This study aims to investigate the role of management devices in transformation processes. This was done by analysing how devices persuaded people into actions, resulting in drifts that both led to the creation of a Shared Service Centre (SSC) and transformed it into a cost centre, something resembling an internal joint venture, followed by a profit centre and, finally, a centre of expertise.
A longitudinal case-based approach inspired by Latour’s (2005) ideas on attachments. The aim was to show how links between humans and non-humans in the form of management devices brought about drifts leading to the formation and transformation of a SSC.
Attachments between devices and humans fuelled the formation and transformation of the SSC. Such innovations were revealed to be a series of drifts, which demonstrates that an SSC is not a static object but rather an ever-evolving innovation.
On the basis of Latour (2005), the study reveals how socio–technical constellations are involved in organisational transformation, resulting in a SSC taking on new and unanticipated roles.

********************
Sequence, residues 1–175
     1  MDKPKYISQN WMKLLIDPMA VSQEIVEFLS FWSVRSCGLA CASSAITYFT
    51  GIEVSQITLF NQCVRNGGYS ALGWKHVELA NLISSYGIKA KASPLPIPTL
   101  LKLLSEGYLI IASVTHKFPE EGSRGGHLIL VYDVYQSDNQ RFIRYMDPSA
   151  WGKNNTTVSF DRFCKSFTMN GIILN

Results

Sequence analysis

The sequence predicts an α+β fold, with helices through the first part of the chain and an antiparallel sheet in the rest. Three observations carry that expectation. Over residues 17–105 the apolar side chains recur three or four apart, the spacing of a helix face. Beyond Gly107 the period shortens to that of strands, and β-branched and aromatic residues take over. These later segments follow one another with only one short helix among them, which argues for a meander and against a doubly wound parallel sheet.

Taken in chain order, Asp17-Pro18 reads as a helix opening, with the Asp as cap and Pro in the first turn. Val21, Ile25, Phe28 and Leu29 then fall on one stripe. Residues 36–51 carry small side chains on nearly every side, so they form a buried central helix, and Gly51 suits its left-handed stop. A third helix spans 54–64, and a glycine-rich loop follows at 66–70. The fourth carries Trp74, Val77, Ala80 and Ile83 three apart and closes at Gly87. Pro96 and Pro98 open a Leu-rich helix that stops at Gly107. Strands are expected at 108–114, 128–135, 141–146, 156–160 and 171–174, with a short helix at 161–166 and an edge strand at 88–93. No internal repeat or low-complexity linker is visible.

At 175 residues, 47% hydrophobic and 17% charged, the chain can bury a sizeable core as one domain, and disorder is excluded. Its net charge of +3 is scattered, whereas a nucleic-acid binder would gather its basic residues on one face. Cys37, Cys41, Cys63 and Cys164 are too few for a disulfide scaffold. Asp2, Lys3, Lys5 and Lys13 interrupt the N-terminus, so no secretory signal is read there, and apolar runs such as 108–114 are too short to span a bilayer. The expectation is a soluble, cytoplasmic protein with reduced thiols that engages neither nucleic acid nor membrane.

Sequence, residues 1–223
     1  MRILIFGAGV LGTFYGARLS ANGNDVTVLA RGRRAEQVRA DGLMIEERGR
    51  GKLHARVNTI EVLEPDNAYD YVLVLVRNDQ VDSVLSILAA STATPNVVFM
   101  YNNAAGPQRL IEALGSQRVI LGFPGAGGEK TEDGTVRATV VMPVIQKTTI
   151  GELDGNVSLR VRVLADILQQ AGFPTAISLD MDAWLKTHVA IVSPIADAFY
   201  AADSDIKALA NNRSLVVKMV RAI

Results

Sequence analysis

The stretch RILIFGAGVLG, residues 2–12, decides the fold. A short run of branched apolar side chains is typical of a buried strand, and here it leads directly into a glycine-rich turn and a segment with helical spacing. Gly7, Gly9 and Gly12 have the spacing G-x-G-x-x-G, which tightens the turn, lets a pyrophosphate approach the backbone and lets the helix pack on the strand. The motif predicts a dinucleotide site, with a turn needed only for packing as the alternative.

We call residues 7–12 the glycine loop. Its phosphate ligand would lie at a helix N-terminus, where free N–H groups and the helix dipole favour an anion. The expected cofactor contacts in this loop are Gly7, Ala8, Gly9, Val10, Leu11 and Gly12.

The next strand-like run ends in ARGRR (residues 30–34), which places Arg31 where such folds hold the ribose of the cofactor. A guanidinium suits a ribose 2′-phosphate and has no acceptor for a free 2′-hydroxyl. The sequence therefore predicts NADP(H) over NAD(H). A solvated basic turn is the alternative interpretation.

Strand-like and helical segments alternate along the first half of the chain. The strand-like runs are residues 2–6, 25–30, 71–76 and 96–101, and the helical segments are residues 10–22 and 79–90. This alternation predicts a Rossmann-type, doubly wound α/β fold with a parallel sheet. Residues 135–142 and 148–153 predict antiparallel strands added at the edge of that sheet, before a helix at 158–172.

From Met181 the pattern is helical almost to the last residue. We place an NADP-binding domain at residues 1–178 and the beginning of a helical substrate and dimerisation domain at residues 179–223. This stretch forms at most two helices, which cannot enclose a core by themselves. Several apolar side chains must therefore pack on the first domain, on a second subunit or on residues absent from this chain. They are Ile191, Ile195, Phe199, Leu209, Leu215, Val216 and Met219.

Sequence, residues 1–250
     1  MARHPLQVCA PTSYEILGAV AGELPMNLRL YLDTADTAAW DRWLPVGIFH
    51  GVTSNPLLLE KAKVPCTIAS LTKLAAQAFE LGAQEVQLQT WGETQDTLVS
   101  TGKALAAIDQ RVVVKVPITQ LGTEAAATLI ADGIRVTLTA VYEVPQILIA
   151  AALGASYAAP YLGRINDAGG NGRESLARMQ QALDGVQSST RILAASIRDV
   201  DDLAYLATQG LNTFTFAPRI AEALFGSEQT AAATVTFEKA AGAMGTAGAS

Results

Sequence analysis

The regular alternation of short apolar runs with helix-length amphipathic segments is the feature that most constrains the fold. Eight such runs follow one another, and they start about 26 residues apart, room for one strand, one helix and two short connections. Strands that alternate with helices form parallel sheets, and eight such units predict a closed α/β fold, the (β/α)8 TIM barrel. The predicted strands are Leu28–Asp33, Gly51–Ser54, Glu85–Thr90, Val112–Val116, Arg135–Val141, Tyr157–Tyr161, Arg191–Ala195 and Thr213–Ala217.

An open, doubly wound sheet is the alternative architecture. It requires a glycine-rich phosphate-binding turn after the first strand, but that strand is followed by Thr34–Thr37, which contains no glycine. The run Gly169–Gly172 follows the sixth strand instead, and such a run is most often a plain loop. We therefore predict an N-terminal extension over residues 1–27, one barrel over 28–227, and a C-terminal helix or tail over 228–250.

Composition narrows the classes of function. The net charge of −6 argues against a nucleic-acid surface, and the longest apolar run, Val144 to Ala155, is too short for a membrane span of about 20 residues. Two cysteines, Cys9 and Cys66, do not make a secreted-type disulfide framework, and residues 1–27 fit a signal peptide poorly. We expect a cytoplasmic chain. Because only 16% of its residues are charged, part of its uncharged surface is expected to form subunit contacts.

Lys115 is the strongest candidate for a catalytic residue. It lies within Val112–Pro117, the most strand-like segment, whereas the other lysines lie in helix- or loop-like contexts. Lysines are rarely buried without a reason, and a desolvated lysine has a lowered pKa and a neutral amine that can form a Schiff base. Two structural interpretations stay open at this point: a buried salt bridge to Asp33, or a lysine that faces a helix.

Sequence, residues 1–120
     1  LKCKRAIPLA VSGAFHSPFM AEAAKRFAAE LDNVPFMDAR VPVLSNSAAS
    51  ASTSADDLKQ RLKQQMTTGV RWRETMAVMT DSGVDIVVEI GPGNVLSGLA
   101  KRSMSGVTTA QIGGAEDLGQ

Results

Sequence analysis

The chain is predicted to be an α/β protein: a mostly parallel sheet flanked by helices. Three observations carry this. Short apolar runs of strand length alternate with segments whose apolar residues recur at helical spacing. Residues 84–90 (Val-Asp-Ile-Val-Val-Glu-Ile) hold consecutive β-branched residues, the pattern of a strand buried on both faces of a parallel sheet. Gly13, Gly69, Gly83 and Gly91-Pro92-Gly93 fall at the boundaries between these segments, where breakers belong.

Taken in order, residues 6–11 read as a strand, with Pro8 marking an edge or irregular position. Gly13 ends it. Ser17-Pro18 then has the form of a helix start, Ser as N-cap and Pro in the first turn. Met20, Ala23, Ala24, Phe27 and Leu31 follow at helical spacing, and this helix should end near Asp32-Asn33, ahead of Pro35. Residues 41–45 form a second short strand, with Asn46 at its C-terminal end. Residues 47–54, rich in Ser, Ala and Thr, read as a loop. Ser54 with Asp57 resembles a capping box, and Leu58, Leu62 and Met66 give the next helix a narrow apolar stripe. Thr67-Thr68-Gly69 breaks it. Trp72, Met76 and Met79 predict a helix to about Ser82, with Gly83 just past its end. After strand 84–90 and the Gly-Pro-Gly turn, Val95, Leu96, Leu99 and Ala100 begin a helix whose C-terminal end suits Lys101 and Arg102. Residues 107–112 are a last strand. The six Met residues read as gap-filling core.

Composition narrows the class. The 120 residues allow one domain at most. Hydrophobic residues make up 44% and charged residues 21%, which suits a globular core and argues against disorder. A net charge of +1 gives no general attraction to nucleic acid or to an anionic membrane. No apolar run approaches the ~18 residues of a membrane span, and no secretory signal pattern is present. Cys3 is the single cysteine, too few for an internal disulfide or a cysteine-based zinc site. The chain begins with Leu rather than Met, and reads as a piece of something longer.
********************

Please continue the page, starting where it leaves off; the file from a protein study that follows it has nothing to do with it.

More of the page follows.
The findings facilitate a deeper understanding of the factors that initiate organisational development and transformation in SSCs. In addition, the study identifies the role different devices play in such transformation processes.
This paper contributes to the literature by analysing how a SSC is created and then transformed over time.
Harritz, D. (2018), "Forming and transforming shared services: the performativity of management devices", Journal of Accounting & Organizational Change, Vol. 14 No. 2, pp. 216-233. https://doi.org/10.1108/JAOC-06-2016-0036
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